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Investment Trust Insider: Polar Healthcare's flatlining yield requires sharp shock

Investment Trust Insider: Polar Healthcare's flatlining yield requires sharp shock

Following on from this month’s successful launch of Polar Capital Global Financials (PCFT), which raised £150 million, I thought I might have a look to see how Polar’s Healthcare fund is doing as it has just celebrated its third birthday.

Polar Capital Global Healthcare Growth and Income Trust (PCGH) launched in June 2010, raising £89 million from investors. The shares were issued with one subscription share for every five ordinary shares. The subscription shares are exercisable at £1 on 31 January 2014. The current net asset value (NAV) is 155.3p and the shares trade around this so, if nothing changes, it is likely that all subscription shares will be exercised.

This will dilute the NAV for the ordinary shareholders – at the moment it takes about 8p off its NAV – so, in reality, the ordinary shares are trading at more than a 5% premium.

The popularity of the trust has allowed Polar to expand it, issuing almost 16 million shares over the past three years so it now has a market cap of over £160 million.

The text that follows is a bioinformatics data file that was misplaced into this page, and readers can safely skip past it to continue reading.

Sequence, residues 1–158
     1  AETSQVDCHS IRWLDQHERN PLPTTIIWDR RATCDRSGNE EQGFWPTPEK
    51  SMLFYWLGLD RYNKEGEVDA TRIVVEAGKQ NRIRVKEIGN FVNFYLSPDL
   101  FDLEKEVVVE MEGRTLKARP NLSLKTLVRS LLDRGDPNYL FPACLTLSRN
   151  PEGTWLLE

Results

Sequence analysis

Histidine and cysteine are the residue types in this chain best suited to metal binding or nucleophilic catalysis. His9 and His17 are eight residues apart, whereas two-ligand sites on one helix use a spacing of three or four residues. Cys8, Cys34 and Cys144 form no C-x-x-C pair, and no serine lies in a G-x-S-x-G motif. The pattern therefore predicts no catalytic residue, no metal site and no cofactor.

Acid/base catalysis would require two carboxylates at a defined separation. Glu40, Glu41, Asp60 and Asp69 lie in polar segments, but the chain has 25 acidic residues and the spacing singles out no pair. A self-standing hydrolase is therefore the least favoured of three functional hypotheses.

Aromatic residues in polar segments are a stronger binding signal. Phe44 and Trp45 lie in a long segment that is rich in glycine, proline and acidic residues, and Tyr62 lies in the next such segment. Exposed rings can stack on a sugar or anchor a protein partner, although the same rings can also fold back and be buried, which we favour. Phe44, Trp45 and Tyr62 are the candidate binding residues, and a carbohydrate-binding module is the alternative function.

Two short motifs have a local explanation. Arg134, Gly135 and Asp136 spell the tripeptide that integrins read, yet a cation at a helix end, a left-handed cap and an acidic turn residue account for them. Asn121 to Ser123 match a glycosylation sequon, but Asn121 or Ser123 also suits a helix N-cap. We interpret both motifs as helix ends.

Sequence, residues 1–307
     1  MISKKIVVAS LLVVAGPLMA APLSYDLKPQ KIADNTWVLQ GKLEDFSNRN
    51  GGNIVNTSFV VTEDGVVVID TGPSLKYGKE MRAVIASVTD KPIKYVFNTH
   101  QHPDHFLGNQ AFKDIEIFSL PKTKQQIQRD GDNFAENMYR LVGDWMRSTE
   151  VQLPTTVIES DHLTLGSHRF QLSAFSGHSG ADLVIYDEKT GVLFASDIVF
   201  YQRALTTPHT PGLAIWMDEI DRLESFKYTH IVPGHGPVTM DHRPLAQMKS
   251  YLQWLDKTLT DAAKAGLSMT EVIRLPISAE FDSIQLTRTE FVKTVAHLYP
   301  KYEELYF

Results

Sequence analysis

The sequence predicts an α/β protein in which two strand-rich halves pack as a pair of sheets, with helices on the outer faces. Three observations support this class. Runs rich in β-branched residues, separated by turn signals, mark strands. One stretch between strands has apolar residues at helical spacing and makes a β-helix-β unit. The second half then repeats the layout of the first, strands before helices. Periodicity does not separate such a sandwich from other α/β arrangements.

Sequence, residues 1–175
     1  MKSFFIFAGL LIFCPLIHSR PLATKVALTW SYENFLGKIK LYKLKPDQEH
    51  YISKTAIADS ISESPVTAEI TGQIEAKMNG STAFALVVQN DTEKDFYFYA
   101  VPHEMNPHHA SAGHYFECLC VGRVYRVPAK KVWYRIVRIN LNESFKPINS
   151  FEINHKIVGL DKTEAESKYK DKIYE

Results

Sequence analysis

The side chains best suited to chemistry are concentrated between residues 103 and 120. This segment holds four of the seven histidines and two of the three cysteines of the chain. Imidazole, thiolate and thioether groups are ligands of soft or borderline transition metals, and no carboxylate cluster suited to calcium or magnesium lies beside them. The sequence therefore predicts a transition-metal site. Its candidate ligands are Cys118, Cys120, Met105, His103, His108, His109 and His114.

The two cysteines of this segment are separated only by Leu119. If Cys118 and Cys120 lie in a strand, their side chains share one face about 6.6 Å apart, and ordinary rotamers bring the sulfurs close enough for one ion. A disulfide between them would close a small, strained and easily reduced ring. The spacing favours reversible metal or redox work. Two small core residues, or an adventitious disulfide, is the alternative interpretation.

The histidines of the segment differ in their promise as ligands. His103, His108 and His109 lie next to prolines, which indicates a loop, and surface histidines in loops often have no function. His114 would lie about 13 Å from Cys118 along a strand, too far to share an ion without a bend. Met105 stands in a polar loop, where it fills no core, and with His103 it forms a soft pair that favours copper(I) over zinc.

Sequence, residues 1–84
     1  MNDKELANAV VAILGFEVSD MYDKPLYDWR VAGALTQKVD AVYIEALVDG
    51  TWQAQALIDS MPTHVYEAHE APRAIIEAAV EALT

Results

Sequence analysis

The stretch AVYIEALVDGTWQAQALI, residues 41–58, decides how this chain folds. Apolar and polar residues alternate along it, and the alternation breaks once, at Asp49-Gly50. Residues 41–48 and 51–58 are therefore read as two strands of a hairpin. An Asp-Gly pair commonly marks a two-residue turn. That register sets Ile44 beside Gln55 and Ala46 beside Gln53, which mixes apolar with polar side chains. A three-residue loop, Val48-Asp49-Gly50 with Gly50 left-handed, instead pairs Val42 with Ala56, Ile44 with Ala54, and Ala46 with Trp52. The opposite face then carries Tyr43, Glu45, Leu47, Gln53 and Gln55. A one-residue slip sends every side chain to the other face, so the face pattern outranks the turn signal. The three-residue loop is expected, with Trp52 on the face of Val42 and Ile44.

Part of the initial attraction of the fund was that it would pay quarterly dividends, targeting an initial yield of 3% that would grow over time. They achieved the yield target in the first year, the dividend grew by 6% in the second year and, assuming the same pattern of dividends is maintained, the growth rate will be about 4% this year. The NAV has moved ahead much faster however and so the fund is trading on a prospective yield for the year of about 2.1%.

The managers, Dan Mahony and Gareth Powell, are stock pickers. They divide the portfolio into income and growth pools with the big pharma holdings producing most of the income.

There is a bias towards US stocks (46% of the portfolio) but this is less marked than for PCGH’s closest competitor, Worldwide Healthcare (WWH) which has around 75% invested in North America.

The base fee is 0.85% of the market cap and there is a performance fee – 10% of the outperformance of the fund’s benchmark, the MSCI World Healthcare index – and 20% of the base fee is charged to revenue. The equivalent figure for WWH is 5% but overall PCGH’s base fees are about the same as for WWH.

Looking at performance, PCGH has trailed WWH. Over three years, PCGH is up 64% with WWH 10% ahead of that. However, both funds lag the MSCI World Healthcare Index, which rose 76.4%. The main problem for both trusts in trying to keep up with the index has been the phenomenal performance of the biotech sector.

PCGH’s first three years have seen it deliver reasonable performance. It could make up some of its underperformance if, as the managers recently suggested, biotech pauses for breath.

The big question though, is can it accelerate its dividend growth? A yield of 2.1% is not enough to keep investors interested, especially if they can switch into WWH (yielding 1.5% and outperforming PCGH).

James Carthew is director of Sapient Research

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